Wednesday, December 05, 2007

Rethinking Marriages' Tax Advantages

When I first moved in with my then girlfriend, and now wife, I quickly realized two things. First, this was the smartest thing I had ever done. And secondly I experienced a massive increase in my material standard of living. Some of that was my wife has far better tastes than I do but most of the increase was due to economic factors. I had just finished graduate school in the middle of the job loss recovery and my wife had one more year to go, so it was not because our income was extravagant. Instead economies of scale took over.

We rented a small one bedroom apartment for a little bit less than the rents for our two previous tiny places. But it was not the rent savings that were significant but all of the ancillary factors; buying food to cook for two people was much cheaper than buying for a single person, increased population to amortize the cost of a video rental, an electrical bill that was only slightly more than my old electrical bill, a cheaper heating bill than either of our old places [we had good windows and insulation], a single internet connection instead of two connections, a single renter's insurance policy instead of two... These advantages have only compounded since we have gotten married and bought a house. The quasi fixed costs of living increased far slower than household size so we effectively had higher disposable or at least not immediately accounted for cash flow as a co-habitating and now married couple than we would have had as single individuals.

The Michigan State University study on the environmental impacts of divorce lends some strong support to this idea by its finding that single people living alone consume more resources per capita than people living together.
The reason is simple — it's all about efficiency, says Jianguo Liu, lead author of the study who has the Rachel Carson chair in ecological sustainability at the university's department of fisheries and wildlife.

"In the divorced households, the number of people is smaller than in married households," Liu told "The resource efficiency used per person is much lower than in married households....n the United States, they found that divorced households spent 46 percent more per capita on electricity and 56 percent more on water than married households....if divorced households could have the same resource efficiency as their married counterparts, they would need 38 million fewer rooms, use 73 billion fewer kilowatt hours of electricity and 627 billion gallons of water in 2005 alone.
Other news reports highlighted the fact that these findings applied more generally to cohabitating couples as more resource efficient than single individuals and that single individuals once they became part of a long term couple showed nearly identical resource consumption patterns as other live-in partners. So the study is not a finding on divorce, but a finding on the economies of scale and fixed costs of living.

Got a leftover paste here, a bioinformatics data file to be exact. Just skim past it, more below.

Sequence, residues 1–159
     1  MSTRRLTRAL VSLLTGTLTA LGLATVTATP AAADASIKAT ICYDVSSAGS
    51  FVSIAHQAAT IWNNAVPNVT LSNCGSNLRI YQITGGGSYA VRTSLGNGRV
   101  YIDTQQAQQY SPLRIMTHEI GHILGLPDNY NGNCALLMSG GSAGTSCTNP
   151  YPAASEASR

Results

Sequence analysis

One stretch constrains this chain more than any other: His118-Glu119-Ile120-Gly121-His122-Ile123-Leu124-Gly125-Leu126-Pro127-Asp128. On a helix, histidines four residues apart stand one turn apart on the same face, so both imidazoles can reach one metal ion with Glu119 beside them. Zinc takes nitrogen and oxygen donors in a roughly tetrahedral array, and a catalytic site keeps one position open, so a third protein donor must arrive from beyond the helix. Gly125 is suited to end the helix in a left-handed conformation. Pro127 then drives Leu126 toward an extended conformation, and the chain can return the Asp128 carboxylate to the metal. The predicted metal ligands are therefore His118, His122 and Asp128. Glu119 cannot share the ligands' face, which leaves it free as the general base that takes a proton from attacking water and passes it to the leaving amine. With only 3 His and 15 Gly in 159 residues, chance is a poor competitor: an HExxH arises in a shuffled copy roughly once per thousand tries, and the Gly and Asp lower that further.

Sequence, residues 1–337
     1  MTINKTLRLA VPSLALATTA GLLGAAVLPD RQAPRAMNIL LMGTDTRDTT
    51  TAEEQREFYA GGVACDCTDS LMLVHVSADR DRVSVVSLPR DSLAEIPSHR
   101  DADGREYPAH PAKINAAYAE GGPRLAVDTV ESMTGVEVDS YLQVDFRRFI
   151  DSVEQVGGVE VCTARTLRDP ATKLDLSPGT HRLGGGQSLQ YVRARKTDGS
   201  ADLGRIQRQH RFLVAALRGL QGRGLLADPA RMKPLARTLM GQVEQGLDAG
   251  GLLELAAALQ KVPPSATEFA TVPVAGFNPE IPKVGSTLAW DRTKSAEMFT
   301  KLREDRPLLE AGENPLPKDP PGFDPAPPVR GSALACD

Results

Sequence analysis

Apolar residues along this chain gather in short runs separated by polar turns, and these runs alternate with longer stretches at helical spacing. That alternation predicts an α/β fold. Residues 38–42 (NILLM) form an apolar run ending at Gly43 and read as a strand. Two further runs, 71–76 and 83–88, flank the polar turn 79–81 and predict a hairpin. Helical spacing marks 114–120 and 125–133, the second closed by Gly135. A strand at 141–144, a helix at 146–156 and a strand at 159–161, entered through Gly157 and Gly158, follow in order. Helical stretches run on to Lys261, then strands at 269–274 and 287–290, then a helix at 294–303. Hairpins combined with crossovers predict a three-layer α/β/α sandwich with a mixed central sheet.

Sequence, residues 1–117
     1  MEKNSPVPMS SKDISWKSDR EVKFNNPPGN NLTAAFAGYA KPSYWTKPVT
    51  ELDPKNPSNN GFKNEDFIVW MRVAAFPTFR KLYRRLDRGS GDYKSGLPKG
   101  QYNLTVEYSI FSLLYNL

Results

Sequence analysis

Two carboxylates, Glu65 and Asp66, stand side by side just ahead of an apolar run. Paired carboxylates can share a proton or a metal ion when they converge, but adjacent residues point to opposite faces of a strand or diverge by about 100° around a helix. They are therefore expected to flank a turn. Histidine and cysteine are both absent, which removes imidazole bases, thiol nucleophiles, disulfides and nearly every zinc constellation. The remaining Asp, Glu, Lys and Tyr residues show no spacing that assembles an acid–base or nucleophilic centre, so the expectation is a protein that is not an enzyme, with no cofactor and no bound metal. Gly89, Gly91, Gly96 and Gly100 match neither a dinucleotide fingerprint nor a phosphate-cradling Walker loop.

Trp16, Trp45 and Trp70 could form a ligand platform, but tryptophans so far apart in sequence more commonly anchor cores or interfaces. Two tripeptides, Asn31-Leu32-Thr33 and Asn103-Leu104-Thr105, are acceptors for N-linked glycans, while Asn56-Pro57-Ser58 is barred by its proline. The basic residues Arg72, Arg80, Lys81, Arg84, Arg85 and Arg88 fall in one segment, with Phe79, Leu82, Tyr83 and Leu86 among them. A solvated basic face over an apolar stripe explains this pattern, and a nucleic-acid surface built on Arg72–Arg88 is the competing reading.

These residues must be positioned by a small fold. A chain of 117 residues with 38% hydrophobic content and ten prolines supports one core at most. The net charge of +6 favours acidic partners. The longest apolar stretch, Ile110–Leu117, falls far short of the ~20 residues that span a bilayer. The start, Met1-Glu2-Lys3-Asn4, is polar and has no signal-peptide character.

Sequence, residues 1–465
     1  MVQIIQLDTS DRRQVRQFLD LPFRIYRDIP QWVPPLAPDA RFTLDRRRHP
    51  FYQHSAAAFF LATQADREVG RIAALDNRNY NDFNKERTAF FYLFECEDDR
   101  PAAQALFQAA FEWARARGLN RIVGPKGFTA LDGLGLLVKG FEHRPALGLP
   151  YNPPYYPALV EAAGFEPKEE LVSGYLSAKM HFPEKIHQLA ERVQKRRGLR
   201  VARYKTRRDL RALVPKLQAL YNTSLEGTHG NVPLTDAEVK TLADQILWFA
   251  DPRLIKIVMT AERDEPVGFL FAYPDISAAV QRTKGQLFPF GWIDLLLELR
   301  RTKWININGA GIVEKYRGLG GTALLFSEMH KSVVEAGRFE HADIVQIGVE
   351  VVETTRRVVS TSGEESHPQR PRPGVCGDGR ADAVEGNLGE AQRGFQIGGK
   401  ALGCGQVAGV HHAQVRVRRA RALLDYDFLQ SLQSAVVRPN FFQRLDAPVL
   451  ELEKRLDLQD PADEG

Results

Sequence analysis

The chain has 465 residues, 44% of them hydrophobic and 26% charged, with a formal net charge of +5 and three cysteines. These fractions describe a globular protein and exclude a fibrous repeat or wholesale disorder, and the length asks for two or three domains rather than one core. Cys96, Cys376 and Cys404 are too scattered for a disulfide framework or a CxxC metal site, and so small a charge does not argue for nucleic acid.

So how does this relate to the tax code? Well, marriage is also favored by the tax code. Her work benefits can easily cover me, and vice versa and we'll pay less in taxes than two single people with the same exact profile as us. But does this make sense as I feel that we have more disposable income than that counter factual scenario which means that marginal utility of our last dollar is probably a bit less than the marginal utility of the last dollar of a nearly identical single person. The nearly identical single person just has a much bigger chunk of their income covering nearly fixed costs.

If one believes in progressive taxation, one believes that there is a declining marginal utility of income and expenditures. This leads one to believe that tax rates should be at least equal if not effectively higher on income that has fairly low marginal utility than on dollars that have higher marginal utility. In the United States that is reflected in the fact that everyone has a personal exemption, and children are tax advantaged as they significantly decrease the disposable income of their caregivers. It is further reflected by the bracketing of rates -- someone who makes $500,000 most likely has a lower marginal utility for that last dollar than someone who makes $12,000 for the year, and thus should be taxed at a higher rate.

So should marriage be tax advantaged if the presumption of cohabitation in most cases is held? From a progressive taxation perspective on the probable marginal utility of income, there is an argument against this advantage.

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